Syndicalist Opposition to Mussolini’s Rapprochement to the Socialists

Looking at the development of Italian Fascism, it can seem that there was a certain inevitability to the emergence of Mussolini’s dictatorship and the totalitarian Fascist state. But this argues that there was nothing inevitable about it, and that it was forced on Mussolini in order to stop his movement falling apart. When Mussolini entered parliament and took over as prime minister, he seemed to be transforming what was originally a movement into the very type of party that the Fascist rank and file were in revolt against. Fascism was reconstituted as a party, and when the future Duce met the kind, he wore the top hat and frock coat of an establishment politician. Worse, Mussolini had started out as a radical socialist, and still seemed determined to work with them and other working class and left-wing parties. He signed a pacification pact with the Socialists and Populists, the Roman Catholic party, stopping the Fascist attacks on them, the trade unions and workers’ and peasants’ cooperatives. This horrified the syndicalists, who saw it as a threat to their own programme of winning over the workers and creating the new, corporatist order. As a result they pressurised Mussolini into rescinding that pacts, Mussolini and Fascism moved right-ward to ally with the capitalists and industry in the destruction of working class organisations.

Syndicalists and the Promotion of the Working Class

But it seems that the syndicalists were serious about defending the working class and giving it a proper role through the corporations in the management of industry and through that, political participation in the Italian state. Left Fascists like Olivetti and Ugo Spirito believed that the Italian state should operate a mixed economy, with the state running certain companies where appropriate, and the trade unions owning and managing cooperatives. Some went further, and recommended that the corporations should take over the ownership of firms, which would be operated jointly by management and the workers. This never got anywhere, and was denounced by other left syndicalists, like Sergio Pannunzio, one of their leaders.

From Internationalism to Imperialism

The book also raises grim astonishment in the way it reveals how the Syndicalists, who were initially quite internationalist in outlook, came to support Fascist imperialism. They shared the general Fascist view that Italy was being prevented from developing its industry through British and French imperialism. The two powers blocked Italy from access to trading with their colonies. They were therefore also critical of the League of Nations when it was set up, which they saw as an attempt by the great powers to maintain the international status quo. The Nationalists, who were formally merged with the Fascists, went further and demanded that Italy too should have an empire to benefit its industry, but also to provide land for colonisation by the surplus Italian population. Without it, they would continue to be forced to emigrate to countries like America and Britain, where they would become the lowest and most despised part of their working class. The syndicalists were also acutely aware of how low Italians were regarded and exploited in these countries, even by other members of the working class.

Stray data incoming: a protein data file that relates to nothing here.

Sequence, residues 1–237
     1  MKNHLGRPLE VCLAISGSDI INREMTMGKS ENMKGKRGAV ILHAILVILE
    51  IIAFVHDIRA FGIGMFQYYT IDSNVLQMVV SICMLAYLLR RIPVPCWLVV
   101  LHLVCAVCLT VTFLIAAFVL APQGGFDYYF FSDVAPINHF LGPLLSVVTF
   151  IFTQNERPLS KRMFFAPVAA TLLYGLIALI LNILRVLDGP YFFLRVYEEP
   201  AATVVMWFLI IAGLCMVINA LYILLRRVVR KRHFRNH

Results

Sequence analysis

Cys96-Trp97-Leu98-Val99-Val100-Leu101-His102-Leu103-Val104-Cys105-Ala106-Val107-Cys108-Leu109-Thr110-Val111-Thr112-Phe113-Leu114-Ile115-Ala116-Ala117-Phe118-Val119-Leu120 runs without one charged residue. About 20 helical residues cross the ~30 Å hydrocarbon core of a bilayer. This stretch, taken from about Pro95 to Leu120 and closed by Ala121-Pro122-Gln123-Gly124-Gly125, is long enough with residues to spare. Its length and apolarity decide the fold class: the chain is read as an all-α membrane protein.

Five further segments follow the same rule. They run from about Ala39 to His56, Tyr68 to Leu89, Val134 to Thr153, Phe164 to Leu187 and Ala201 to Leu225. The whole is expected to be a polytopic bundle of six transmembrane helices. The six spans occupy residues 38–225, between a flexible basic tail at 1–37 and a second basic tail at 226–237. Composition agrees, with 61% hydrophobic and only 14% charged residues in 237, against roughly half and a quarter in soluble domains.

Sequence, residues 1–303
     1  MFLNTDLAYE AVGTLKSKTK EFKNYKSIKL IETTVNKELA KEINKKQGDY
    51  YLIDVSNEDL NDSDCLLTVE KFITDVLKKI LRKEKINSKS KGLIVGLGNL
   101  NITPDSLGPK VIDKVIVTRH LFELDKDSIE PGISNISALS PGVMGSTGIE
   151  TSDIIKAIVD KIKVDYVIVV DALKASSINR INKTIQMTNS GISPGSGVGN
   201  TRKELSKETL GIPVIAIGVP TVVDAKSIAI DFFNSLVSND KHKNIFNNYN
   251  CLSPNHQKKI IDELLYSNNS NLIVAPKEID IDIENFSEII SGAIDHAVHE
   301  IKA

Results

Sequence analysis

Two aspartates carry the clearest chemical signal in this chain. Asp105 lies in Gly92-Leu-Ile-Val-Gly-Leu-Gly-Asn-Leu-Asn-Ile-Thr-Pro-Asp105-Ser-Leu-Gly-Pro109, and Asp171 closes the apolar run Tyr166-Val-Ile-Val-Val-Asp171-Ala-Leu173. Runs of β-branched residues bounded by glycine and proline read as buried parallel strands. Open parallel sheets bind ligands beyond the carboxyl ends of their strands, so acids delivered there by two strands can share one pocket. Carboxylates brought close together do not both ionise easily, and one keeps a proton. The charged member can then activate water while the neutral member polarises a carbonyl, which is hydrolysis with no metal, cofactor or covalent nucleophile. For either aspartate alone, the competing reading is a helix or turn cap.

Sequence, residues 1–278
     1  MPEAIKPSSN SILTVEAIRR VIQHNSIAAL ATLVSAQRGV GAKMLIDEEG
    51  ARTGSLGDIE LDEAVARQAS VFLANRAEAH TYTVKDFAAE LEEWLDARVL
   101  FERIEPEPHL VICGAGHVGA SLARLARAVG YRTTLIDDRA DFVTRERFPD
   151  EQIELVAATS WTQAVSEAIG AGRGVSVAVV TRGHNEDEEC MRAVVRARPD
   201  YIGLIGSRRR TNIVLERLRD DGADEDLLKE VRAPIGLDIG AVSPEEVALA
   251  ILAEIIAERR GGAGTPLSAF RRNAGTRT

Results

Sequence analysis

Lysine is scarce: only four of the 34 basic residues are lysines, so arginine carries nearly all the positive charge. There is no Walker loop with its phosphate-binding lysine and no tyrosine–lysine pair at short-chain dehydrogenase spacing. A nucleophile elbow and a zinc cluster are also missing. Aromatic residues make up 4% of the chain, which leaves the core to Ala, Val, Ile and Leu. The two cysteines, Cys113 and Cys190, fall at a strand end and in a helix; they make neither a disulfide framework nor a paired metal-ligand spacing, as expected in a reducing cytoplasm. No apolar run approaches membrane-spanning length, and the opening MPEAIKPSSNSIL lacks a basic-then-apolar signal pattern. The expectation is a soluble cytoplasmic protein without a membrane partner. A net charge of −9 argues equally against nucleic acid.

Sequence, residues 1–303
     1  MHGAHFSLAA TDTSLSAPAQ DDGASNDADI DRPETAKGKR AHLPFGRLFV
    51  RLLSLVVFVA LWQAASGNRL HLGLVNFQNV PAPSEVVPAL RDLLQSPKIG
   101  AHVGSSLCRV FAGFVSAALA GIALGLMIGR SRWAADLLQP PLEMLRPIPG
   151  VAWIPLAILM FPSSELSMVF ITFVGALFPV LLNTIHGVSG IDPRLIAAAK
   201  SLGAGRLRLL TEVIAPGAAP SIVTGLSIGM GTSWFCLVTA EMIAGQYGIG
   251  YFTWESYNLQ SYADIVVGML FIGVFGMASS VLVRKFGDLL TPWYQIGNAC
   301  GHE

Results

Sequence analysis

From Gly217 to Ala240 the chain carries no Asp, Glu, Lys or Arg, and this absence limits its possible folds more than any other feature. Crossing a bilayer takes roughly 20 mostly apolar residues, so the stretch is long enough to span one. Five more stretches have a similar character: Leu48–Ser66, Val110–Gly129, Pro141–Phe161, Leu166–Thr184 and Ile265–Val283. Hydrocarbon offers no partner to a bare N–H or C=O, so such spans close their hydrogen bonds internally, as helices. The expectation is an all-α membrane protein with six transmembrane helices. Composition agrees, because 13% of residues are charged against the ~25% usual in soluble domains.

The syndicalists during the war and early post-war years criticised the Nationalists for their militarism and imperialism. Instead of looking forward to perpetual war, as the Nationalists did, they wanted to see instead the emergence of a new, federal European order in which nations would cooperate. This new federal state would eventually cover the world. They also looked forward to a new, equitable arrangement over access to the colonies. Pannunzio did support colonialism, which he believed was bringing civilisation to backward areas. But he also believed that colonies that were unable to become nations in their own right should be taken over by the League of Nations. Pannunzio declared ‘Egotism among nations is a material and moral absurdity; nations … cannot lived closed and isolated by must interact and cooperate’. This changed as time went on and Mussolini established the corporate state. This was always fragile and tentative, and accompanied by concessions to other sectors of Fascism on the right. In order to defend their fragile gains, the syndicalists gave their full backing to the Second World War and its imperialism, which they saw as a crusade to bring the corporate state, the great Italian achievement, but a backward world.

Workers Should Have a Role In Government, But Not Through Totalitarianism

I have to say I like certain aspects of the corporate state. I like the idea of trade unionists actively involved in the management of industry and in a special department of parliament, although as Sidney and Beatrice Webb point out in their Constitution for the Socialist Commonwealth of Great Britain, there are severe drawbacks with it. But any such corporatist chamber would have to be an expansion of liberal democracy, not a replacement for it. And I utterly reject and despise Fascism for its vicious intolerance, especially towards socialism and the working class, its rejection of democracy, and especially the militarism, imperialism and racism. Like Nazism it needs to be fought everywhere, in whatever guise it arises.

And the book makes very clear that the corporate state was an exaggerated response to genuine Italian problems, problems that could be solved within liberal, democratic politics.

Perhaps one day we shall see the return of trade unionists to parliaments reformed to allow them to play their proper role in government and industry. I make this recommendation in my booklet, For A Worker’s Chamber. But it should never be through any kind of autocratic, totalitarian regime.